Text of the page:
A subordinate clause depends on a main clause for its meaning. Together with a main clause, a subordinate clause forms part of a complex sentence. Here are two examples of sentences containing subordinate clauses:
Example: After we had had lunch, we went back to work.

  • After we had had lunch, [subordinate clause]
  • we went back to work. [main clause]

Example: I first saw her in Paris, where I lived in the early nineties.

  • I first saw her in Paris, [main clause]
  • where I lived in the early nineties. [subordinate clause]

Types of Subordinate Clause

There are two main types of subordinate clause:

  • conditional clauses and
  • relative clauses.

Conditional Clause

A conditional clause is one that usually begins with if or unless and describes something that is possible or probable:
Example: If it looks like rain a simple shelter can be made out of a plastic sheet.

  • If it looks like rain [conditional clause]
  • a simple shelter can be made out of a plastic sheet. [main clause]

Example: I’ll be home tomorrow unless the plane delayed for hours.

  • I’ll be home tomorrow [main clause]
  • unless the plane’s delayed for hours. [conditional clause]

Relative Clause

A relative clause is one connected to a main clause by a word such as which, that, whom, whose, when, where, or who:
Example: I first saw her in Paris, where I lived in the early nineties.

  • I first saw her in Paris, [main clause]
  • where I lived in the early nineties. [relative clause]

Example: She wants to be with Thomas, who is best suited to take care of her.

  • She wants to be with Thomas, [main clause]
  • who is best suited to take care of her. [relative clause]

Example: I was wearing the dress that I bought to wear to Jo’s party.

  • I was wearing the dress [main clause]
  • that I bought to wear to Jo’s party. [relative clause]

Using Relative Clauses: Have you ever wondered about when to use that and when to use which or who in this type of sentence? In fact, for much of the time that is interchangeable with either of these words. For example:

  • You’re the only person who has ever listened to me.
  • You’re the only person that has ever listened to me.
  • It’s a film that should be seen by everyone.
  • It’s a film which should be seen by everyone.

When referring to something, rather than someone, that tends to be the usual choice in everyday writing and conversation in British English.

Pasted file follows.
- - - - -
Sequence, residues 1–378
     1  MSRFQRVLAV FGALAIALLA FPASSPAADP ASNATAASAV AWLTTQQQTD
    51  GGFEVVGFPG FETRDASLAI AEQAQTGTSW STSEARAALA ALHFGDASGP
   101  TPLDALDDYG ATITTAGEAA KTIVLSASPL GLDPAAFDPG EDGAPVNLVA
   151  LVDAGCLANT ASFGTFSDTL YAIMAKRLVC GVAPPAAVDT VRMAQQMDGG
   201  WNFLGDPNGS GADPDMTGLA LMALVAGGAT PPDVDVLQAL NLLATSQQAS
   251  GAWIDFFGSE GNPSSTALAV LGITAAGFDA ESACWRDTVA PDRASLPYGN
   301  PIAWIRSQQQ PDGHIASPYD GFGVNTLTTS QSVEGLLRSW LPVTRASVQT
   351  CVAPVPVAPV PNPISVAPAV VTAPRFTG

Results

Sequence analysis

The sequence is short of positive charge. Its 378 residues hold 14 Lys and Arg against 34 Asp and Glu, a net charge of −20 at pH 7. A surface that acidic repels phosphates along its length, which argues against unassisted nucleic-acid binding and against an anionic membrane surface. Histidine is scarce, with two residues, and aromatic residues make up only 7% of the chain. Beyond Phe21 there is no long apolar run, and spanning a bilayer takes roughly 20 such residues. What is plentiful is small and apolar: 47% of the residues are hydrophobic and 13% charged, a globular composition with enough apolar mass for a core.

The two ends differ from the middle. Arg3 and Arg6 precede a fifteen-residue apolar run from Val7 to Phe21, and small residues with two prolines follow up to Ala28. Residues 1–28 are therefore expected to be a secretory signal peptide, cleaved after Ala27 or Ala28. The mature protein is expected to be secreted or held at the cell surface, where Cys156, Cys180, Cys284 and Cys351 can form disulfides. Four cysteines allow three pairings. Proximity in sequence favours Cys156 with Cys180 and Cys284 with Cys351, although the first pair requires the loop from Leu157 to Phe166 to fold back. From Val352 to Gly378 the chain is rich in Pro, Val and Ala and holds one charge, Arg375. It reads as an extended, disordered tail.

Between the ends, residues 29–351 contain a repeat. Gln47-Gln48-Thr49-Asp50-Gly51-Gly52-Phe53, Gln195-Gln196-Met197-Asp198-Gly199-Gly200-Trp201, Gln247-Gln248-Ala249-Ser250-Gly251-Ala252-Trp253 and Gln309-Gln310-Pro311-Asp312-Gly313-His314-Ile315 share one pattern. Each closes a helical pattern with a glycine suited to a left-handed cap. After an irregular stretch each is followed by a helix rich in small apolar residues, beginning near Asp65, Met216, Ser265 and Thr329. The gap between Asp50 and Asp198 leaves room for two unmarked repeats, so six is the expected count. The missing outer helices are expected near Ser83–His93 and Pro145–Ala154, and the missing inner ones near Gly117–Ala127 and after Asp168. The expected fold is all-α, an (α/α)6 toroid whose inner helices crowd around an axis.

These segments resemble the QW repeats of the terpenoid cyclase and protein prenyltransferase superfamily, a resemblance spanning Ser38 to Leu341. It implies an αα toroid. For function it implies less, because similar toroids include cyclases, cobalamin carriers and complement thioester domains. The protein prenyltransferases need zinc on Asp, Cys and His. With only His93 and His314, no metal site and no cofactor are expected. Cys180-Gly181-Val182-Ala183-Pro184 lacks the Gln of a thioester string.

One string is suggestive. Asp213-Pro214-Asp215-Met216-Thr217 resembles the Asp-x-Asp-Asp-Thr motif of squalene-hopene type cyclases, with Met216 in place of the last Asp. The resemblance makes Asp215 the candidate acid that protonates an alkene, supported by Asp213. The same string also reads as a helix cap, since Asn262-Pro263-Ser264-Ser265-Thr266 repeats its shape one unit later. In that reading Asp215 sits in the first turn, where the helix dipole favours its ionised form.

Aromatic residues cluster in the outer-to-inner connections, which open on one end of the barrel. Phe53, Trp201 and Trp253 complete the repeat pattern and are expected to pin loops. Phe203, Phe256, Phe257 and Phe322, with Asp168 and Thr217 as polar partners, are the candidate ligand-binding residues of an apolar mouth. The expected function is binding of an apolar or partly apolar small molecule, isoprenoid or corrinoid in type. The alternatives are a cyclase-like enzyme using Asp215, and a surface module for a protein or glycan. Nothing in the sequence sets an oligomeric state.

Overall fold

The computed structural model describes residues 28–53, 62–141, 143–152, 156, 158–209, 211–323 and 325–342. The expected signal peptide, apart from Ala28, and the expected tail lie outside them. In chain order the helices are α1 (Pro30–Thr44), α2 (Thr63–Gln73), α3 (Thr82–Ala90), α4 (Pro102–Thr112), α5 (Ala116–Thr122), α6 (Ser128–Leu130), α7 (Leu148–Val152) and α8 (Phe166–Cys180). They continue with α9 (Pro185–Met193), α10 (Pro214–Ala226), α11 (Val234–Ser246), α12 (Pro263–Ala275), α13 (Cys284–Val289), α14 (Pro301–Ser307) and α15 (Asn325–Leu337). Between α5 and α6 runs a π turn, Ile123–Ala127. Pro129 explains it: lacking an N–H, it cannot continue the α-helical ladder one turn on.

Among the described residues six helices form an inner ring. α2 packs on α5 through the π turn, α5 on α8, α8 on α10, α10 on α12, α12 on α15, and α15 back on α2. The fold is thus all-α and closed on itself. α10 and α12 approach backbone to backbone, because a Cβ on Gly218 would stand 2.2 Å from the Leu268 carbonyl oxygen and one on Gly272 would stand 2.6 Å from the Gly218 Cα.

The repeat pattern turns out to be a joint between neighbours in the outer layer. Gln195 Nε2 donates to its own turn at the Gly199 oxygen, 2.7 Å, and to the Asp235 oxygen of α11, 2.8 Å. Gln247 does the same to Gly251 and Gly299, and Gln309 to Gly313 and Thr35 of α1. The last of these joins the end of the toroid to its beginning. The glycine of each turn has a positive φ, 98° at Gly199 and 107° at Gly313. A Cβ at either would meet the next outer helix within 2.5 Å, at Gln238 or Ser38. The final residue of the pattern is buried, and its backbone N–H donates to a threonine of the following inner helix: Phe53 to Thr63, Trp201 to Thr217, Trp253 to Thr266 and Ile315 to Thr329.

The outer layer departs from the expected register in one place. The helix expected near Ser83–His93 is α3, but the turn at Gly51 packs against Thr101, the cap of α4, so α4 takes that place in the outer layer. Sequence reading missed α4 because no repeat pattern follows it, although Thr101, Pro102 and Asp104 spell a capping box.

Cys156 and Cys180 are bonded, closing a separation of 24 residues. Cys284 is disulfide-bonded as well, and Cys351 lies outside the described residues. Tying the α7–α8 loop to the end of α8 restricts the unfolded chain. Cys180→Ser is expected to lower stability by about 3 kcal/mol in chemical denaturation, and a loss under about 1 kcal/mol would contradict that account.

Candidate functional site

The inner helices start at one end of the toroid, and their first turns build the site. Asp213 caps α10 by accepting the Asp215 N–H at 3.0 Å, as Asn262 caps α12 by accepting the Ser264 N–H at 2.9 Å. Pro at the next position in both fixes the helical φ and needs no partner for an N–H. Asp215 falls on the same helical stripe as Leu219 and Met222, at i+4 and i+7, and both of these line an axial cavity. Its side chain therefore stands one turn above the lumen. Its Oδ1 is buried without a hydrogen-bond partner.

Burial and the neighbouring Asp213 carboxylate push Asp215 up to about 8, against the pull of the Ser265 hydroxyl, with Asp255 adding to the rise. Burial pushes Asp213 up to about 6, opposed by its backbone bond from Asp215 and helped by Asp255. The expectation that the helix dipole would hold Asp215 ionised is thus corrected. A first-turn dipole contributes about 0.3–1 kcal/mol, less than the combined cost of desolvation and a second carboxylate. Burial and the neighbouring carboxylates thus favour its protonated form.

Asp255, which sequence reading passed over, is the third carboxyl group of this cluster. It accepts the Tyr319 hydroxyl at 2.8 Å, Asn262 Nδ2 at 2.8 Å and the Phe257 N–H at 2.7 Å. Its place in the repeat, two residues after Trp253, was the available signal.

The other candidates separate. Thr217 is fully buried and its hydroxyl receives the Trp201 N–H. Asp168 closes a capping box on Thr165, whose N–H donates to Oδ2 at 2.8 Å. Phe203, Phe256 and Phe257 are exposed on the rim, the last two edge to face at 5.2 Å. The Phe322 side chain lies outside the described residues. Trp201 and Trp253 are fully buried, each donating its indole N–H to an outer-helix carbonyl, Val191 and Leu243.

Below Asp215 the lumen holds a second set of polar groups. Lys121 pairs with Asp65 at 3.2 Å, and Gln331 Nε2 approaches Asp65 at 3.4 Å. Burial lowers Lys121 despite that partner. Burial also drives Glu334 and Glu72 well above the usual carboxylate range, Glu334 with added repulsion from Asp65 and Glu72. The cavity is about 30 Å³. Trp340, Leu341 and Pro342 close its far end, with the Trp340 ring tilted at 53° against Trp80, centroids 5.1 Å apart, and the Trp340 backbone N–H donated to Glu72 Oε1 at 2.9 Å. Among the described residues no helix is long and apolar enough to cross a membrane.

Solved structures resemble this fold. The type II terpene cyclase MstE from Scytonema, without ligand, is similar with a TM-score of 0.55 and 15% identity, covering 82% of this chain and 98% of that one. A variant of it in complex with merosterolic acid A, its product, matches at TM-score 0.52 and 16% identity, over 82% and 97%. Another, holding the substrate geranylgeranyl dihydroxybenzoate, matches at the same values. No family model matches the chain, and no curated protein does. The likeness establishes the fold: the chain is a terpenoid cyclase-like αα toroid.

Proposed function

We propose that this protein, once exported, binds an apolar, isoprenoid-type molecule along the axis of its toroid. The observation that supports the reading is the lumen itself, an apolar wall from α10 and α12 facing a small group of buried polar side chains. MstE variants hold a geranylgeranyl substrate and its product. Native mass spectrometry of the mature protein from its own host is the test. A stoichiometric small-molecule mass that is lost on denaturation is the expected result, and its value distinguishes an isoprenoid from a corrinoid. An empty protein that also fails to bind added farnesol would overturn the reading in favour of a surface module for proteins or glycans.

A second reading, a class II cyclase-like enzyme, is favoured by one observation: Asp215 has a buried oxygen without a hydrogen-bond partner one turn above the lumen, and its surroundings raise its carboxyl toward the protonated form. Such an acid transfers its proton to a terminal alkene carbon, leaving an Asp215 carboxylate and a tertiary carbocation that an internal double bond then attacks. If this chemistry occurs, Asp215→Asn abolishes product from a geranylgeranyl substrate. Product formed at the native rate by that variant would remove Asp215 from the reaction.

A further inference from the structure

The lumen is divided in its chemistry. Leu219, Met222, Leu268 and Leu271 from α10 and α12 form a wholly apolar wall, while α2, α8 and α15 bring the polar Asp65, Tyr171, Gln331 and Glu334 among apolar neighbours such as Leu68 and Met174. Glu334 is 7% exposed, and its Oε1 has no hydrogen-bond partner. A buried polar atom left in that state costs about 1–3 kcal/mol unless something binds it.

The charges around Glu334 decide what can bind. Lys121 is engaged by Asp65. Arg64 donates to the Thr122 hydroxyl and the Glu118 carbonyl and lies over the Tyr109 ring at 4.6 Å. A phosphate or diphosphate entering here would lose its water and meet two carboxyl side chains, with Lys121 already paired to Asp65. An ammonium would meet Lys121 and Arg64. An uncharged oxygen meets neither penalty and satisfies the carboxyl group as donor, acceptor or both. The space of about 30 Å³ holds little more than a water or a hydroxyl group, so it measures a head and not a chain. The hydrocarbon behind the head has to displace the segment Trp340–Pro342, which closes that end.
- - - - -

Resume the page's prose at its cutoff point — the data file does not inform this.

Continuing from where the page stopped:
However, there is one main case when you should not use that to introduce a relative clause. This is related to the fact that there are two types of relative clause:

  • a restrictive relative clause and
  • a non-restrictive relative clause.

Restrictive Relative Clause

A restrictive relative clause (also known as a defining relative clause) gives essential information about a noun that comes before it: without this clause the sentence wouldn’t make much sense.


A restrictive relative clause can be introduced by that, which, whose, who, or whom. You should not place a comma in front of a restrictive relative clause:
Example: She held out the hand which was hurt.

  • She held out the hand [main clause]
  • which was hurt. [restrictive relative clause]

Example: She held out the hand that was hurt.

  • She held out the hand [main clause]
  • that was hurt. [restrictive relative clause]

You can also leave out that or which in some restrictive relative clauses:

  • It reminded him of the house that he used to rent in Oxford.
  • It reminded him of the house which he used to rent in Oxford.
  • It reminded him of the house he used to rent in Oxford.

 Non-restrictive Relative Clause

A non-restrictive relative clause (also called a non-defining relative clause) provides extra information that could be left out without affecting the meaning or structure of the sentence.


Non-restrictive relative clauses are normally introduced by which, whose, who, or whom, but never by that. You should place a comma in front of them:
Example: She held out her hand, which Rob shook.

  • She held out her hand, [main clause]
  • which Rob shook. [non-restrictive relative clause]

If a non-restrictive relative clause is in the middle of a sentence, you should put commas before and after it:
Example: Bill, who had fallen asleep on the sofa, suddenly roused himself.

  • who had fallen asleep on the sofa [non-restrictive relative clause]

Thanks for reading about “types of subordinate clause”.

Categories: Uncategorized

0 Comments

Leave a Reply

Avatar placeholder

Your email address will not be published.